Claims Based on In-Service Disabilities

These claims are based on disabilities that are a result of an injury or disease that occurred in active service, and in the line of duty. Injuries or diseases as a result of the Veteran's own willful misconduct or abuse of alcohol or drugs are excluded.

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Claims Based on Post-Service Disabilities

Claims for post-service disabilities would include claims for disabilities that are a result of disabilities considered to be service-related, even though the disability arose after service. There are various classifications of presumptive disabilities which can be based on location or circumstances of service or just by military service itself.

Claims Based on Special Circumstances

Claims regarding compensation are not always based on an in-service event. In other words, after a disability has been determined to be service-connected, there may be other types of claims a Veteran or surviving spouse may wish to file. This might include a claim for a temporary 100% rating due to surgery for a service-connected disability, or additional compensation based on being in need of regular aid and attendance.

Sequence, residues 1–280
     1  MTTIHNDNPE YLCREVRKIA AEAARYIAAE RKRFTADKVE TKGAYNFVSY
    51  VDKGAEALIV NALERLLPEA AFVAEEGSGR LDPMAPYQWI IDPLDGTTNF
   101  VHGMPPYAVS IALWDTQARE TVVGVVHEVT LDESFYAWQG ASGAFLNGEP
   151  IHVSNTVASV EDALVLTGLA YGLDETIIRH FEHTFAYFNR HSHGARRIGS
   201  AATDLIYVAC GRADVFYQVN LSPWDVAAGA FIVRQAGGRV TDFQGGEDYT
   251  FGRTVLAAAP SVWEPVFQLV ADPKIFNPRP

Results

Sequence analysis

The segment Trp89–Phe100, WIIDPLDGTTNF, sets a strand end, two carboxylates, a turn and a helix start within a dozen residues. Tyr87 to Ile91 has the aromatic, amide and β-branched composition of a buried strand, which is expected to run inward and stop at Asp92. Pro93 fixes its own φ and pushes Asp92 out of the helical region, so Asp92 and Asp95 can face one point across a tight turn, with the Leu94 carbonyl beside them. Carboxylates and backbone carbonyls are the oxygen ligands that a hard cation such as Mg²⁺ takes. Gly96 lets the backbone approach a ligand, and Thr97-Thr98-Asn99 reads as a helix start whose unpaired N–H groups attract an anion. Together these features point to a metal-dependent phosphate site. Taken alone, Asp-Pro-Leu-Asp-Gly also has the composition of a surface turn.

Fully Developed Claim (FDC)

The Fully Developed Claims program is an optional initiative that offers Veterans and survivors faster decisions from VA on compensation, pension, and survivor benefit claims. Veterans and survivors simply submit all relevant records in their possession, and those records which are easily obtainable, such as private medical records, at the time they make their claim and certify that they have no further evidence to submit. VA can then review and process the claim more quickly. File an FDC without risk. Participation will not affect the attention your claim receives from qualified VA rating staff or the benefits to which you're entitled. If VA determines other non-federal records exist and are required to decide a claim, VA will simply remove the claim from the FDC program and process it through the traditional claims process. Once you initiate your FDC, you'll have up to one year to complete it.